Where is Hope: The Art of Murder Documentary on Police Brutality Screenings and Forums Begin in California

Top Quote Everyday a new horror story unfolds some place in this country involving a person with a disability and the police. Where Is Hope: The Art of Murder, chronicles disabled victims murdered by police and the activists/artists who are fighting to end this injustice. End Quote
  • Oakland, CA (1888PressRelease) October 04, 2015 - Wabi Sabi Productions Inc will be screening its new documentary entitled "Where is Hope: The Art of Murder about police brutality against people with disabilities. The screenings will take place in 3 locations in California as part of a week of events around the October 22 coalition's "national day of protest" against police brutality. The film produced and directed by Emmitt H Thrower a retired disabled NYC cop created the film as a tool to help facilitate open forums.

    Kinfolk's event is on Monday October 19th, 2015 at Perch located at 440 Grand Ave. Oakland CA., Doors at 6:30pm - Screening at 7:00pm. Berkeley Copwatch's event is on Tuesday October 20th at 7:00pm @ East Bay Media Center 1939 Addison St, Berkeley, California 94704. Modern Times Bookstore's event is on October 25th at 3pm @ 2919 24th St, San Francisco, California 94110. All times are PDT.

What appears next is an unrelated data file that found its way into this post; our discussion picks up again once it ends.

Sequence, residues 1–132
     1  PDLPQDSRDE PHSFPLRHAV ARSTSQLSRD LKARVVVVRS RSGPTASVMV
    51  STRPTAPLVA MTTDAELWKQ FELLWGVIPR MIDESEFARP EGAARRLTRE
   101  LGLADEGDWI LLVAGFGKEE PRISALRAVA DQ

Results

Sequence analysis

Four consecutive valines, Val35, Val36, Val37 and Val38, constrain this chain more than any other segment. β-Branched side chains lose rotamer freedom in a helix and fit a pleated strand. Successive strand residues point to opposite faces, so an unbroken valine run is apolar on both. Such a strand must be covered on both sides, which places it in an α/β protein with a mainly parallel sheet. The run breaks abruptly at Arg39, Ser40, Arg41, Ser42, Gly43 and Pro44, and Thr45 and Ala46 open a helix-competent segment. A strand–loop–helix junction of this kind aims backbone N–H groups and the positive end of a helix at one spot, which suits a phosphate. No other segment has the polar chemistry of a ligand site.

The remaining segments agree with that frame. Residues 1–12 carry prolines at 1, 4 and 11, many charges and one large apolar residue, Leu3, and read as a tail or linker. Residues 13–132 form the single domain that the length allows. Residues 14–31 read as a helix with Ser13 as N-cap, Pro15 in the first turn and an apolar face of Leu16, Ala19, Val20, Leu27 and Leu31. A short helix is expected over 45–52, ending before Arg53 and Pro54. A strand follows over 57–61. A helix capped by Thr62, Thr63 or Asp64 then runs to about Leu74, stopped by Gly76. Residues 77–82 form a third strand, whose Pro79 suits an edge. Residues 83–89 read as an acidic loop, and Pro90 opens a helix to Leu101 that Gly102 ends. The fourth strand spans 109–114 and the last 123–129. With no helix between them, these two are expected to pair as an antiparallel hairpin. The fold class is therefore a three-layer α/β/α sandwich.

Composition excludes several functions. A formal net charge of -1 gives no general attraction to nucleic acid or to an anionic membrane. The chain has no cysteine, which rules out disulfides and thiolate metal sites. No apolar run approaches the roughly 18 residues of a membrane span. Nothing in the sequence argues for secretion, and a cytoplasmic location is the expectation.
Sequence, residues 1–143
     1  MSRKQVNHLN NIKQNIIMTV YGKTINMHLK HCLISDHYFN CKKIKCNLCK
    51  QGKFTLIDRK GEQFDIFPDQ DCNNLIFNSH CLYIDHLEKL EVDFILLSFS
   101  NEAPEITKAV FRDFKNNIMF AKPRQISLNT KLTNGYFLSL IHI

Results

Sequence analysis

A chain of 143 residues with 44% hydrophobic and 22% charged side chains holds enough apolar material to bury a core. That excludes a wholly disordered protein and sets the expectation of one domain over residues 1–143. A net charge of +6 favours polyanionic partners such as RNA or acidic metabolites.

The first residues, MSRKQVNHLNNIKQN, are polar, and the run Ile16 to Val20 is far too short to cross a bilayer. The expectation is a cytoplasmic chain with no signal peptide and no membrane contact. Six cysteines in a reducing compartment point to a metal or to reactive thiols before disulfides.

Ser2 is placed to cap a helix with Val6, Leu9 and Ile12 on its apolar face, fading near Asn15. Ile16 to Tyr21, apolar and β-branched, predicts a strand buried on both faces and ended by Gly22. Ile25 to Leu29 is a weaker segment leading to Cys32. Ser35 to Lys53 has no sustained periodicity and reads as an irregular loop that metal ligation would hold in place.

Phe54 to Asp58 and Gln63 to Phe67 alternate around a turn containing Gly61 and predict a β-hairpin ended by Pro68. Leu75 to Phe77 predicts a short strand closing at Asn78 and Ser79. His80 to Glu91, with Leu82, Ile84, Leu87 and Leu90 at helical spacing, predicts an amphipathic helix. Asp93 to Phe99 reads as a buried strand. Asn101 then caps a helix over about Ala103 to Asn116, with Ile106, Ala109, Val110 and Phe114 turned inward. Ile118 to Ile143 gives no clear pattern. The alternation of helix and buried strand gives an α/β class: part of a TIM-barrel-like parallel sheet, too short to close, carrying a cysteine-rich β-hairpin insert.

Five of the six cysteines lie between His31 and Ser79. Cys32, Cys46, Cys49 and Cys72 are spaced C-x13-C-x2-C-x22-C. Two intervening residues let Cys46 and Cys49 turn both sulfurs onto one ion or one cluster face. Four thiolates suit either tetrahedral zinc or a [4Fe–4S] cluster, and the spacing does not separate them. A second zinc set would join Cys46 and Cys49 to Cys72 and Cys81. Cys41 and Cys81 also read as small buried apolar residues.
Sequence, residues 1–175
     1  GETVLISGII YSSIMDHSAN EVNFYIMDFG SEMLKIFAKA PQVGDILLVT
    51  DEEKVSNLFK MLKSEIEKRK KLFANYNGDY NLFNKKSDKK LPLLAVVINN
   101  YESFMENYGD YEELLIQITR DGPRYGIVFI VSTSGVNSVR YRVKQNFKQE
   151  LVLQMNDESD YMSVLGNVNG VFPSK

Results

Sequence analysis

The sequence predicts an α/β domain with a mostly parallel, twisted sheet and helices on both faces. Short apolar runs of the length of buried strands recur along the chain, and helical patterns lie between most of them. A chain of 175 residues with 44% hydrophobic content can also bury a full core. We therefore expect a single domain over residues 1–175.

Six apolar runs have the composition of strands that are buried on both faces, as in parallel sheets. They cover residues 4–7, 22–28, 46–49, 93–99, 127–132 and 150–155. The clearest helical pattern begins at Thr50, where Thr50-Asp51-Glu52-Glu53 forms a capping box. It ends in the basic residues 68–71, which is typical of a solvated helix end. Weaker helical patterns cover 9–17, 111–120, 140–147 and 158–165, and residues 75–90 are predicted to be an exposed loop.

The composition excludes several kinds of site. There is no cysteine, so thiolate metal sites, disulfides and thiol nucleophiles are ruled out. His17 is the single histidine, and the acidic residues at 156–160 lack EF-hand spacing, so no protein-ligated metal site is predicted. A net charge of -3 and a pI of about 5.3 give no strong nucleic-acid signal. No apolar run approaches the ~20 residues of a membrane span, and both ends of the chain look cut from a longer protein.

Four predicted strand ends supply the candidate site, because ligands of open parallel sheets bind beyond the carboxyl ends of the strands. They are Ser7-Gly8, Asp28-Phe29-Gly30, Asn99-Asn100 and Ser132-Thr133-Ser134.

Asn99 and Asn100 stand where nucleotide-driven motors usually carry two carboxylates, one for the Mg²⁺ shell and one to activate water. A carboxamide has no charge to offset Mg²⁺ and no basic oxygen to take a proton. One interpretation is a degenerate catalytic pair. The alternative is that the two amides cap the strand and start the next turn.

For more info about any event contact Leroy Moore at kriphopnation ( @ ) gmail dot com

    Emmitt H Thrower is a retired disabled NY City cop turned artist/filmmaker and the founder of Wabi Sabi Productions Inc. a Bronx, NY Not For Profit. This is his first collaboration with disabled activist/poet Leroy Moore Jr. founder of Krip Hop Nation in Berkeley California. They envision the film as a tool to facilitate forums with discussions on the topic of police brutality against people with disabilities.

    The film also highlights the companion CD, Broken Bodies, PBP, Police Brutality and Profiling Mix-tape project by Leroy Moore and 5Th Battalion founder, DJ Quad out of LA. Two main stories of police brutality emerge in the film, resulting in the victim's loved ones becoming disabled following their tragedy and personal loss. The work of disabled activists and artist/activists like Keith Jones, Mesha Irizarry, Lisa "Tiny" Gray- Garcia, Lethea Warren, and more is explored in the film, highlighting the work of these people of color.

    The goal is to make the film available to communities around the country to enable them to organize and have discussions around this issue and work within the community to bring about positive changes.




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